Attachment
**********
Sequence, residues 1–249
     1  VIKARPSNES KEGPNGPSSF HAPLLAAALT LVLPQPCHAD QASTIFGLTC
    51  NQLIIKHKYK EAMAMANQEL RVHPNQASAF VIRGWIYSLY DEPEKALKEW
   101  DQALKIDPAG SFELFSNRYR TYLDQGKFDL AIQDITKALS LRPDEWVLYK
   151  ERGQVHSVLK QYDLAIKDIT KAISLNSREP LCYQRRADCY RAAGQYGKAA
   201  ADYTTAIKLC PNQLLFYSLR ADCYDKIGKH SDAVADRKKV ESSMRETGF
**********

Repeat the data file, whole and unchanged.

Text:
Sequence, residues 1–249
     1  VIKARPSNES KEGPNGPSSF HAPLLAAALT LVLPQPCHAD QASTIFGLTC
    51  NQLIIKHKYK EAMAMANQEL RVHPNQASAF VIRGWIYSLY DEPEKALKEW
   101  DQALKIDPAG SFELFSNRYR TYLDQGKFDL AIQDITKALS LRPDEWVLYK
   151  ERGQVHSVLK QYDLAIKDIT KAISLNSREP LCYQRRADCY RAAGQYGKAA
   201  ADYTTAIKLC PNQLLFYSLR ADCYDKIGKH SDAVADRKKV ESSMRETGF